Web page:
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In die Skriflig

On-line version ISSN 2305-0853
Print version ISSN 1018-6441

Abstract

CULPEPPER, R. Alan. Fulfilment of Scripture and Jesus' Teachings in Matthew. In Skriflig (Online) [online]. 2015, vol.49, n.2, pp.1-8. ISSN 2305-0853.  http://dx.doi.org/10.4102/IDS.V49I2.1986.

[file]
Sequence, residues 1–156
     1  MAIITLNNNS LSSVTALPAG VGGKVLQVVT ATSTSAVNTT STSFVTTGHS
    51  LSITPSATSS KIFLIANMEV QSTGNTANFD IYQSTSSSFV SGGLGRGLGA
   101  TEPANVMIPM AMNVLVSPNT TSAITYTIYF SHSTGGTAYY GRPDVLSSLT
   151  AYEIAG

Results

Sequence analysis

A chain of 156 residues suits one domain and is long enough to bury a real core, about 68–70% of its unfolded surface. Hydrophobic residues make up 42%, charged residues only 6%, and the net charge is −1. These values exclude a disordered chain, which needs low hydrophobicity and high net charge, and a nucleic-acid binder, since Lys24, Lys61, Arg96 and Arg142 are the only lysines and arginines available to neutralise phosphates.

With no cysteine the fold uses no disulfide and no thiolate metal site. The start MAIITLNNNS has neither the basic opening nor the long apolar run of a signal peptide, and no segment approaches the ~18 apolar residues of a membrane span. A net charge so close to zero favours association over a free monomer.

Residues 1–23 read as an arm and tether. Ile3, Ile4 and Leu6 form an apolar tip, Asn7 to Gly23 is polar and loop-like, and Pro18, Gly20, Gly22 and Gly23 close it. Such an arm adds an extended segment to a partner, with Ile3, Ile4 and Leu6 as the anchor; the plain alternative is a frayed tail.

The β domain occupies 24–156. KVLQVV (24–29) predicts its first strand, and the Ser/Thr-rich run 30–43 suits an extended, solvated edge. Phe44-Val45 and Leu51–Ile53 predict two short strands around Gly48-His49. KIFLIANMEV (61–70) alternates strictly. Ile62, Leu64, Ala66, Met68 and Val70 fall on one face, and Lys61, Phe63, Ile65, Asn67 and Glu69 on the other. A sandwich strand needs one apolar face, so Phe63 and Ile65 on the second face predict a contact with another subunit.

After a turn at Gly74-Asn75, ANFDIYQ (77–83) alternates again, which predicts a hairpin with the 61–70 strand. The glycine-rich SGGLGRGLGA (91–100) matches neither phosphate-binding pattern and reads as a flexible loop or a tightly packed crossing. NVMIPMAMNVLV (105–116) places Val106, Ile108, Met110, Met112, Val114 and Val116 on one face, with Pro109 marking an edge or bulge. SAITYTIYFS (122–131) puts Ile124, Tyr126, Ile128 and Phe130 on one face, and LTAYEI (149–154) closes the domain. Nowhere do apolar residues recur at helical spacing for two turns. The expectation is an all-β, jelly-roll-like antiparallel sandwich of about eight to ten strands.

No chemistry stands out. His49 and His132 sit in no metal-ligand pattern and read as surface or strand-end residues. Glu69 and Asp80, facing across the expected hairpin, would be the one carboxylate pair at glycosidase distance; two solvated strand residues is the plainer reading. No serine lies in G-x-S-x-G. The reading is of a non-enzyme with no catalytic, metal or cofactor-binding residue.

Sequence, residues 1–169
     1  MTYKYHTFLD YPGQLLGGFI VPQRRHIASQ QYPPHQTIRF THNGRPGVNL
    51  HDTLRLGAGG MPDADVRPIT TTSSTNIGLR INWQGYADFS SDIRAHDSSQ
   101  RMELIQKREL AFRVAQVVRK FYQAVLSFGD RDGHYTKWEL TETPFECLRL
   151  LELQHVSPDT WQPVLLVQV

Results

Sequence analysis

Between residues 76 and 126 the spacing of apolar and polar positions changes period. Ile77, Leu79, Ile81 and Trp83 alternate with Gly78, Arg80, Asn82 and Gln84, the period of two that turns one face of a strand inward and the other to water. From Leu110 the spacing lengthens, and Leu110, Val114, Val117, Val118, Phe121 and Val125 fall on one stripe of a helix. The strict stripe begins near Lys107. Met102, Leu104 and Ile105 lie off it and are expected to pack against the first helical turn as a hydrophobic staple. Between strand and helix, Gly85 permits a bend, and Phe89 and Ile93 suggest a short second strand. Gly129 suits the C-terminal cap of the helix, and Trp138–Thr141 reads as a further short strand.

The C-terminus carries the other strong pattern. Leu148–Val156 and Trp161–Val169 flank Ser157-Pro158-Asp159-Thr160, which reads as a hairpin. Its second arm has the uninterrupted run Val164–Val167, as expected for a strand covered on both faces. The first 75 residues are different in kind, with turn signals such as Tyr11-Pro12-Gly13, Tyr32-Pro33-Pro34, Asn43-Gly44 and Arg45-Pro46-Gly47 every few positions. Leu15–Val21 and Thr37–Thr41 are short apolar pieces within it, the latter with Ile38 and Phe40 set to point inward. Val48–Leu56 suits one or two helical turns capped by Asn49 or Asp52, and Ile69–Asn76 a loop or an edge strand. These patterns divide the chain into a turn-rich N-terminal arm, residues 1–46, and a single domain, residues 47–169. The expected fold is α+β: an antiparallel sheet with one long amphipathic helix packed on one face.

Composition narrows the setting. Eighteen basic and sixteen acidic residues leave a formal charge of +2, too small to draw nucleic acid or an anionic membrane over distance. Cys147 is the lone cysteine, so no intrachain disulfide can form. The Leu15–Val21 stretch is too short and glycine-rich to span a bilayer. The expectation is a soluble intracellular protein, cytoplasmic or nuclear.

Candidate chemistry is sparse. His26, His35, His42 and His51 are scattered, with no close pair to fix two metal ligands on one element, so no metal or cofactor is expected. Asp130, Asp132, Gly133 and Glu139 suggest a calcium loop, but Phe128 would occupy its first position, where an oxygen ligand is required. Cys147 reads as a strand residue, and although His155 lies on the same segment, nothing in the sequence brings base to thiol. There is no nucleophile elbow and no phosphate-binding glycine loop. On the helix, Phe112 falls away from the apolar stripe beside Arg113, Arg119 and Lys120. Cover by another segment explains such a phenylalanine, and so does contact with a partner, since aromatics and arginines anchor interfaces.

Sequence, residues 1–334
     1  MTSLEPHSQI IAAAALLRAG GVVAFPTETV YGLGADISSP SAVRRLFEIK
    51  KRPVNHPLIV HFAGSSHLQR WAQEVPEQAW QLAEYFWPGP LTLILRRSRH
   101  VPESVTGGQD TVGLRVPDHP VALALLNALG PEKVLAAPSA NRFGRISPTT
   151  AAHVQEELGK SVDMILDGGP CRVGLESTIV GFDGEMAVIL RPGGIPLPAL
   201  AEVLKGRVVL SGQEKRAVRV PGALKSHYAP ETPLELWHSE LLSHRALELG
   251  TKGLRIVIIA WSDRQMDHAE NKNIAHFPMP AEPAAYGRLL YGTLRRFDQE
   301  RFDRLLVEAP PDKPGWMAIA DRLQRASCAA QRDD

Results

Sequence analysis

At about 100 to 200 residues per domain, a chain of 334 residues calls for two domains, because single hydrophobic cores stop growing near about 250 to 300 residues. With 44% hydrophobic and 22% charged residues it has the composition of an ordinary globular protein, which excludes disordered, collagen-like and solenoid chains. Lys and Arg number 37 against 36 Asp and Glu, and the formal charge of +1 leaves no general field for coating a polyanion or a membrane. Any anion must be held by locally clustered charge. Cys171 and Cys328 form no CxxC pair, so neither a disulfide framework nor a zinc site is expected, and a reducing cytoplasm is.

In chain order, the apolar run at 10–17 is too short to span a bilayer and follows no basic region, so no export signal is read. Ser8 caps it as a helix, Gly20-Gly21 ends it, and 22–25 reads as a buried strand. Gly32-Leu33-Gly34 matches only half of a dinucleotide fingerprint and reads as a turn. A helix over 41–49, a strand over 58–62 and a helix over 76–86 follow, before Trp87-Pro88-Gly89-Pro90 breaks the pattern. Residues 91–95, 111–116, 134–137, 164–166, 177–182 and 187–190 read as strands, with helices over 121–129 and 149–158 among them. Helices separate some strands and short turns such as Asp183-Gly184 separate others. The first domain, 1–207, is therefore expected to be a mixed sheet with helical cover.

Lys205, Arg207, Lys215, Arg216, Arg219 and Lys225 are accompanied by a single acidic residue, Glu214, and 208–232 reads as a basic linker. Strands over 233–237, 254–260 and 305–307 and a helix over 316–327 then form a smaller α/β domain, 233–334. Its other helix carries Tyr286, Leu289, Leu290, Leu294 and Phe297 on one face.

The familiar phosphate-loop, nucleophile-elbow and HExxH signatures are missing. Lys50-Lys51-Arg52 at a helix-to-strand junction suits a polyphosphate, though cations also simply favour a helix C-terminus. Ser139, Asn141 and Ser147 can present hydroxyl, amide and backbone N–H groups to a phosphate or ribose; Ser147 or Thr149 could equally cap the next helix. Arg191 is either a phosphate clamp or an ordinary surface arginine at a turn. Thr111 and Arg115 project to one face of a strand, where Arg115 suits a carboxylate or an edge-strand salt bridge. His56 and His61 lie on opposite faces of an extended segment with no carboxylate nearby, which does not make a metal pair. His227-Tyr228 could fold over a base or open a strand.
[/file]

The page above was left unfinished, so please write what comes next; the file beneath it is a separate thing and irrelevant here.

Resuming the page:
One of the most intriguing aspects of the experience of reading the gospels, for both beginning students and those who have been at it for decades, is the growing awareness of how the gospels convey their message. Our attention is usually focused first on what the message is: the storyline, the plot, the climax or resolution, and its implications. As we continue to read and reread, we may find that we begin to grow interested in various features of the narrative, such as its organisation, collections of material (parables or miracle stories), repetitions, the ways characters are represented or the narrator's comments. These are not incidental features of the gospel narrative. On the contrary, they are the elements with which it is constructed and that guide the reader's experience of the narrative. In this article we will explore how Matthew leads its Jewish-Christian readers, sometime late in the 1st century and during the process of the separation of early believers from the synagogue, to accept Jesus' teachings as a new teaching on righteousness and functionally at least a new Torah. Specifically, we will analyse the role of repetition and redundancy in Matthew's narrative rhetoric in relation to this theme.

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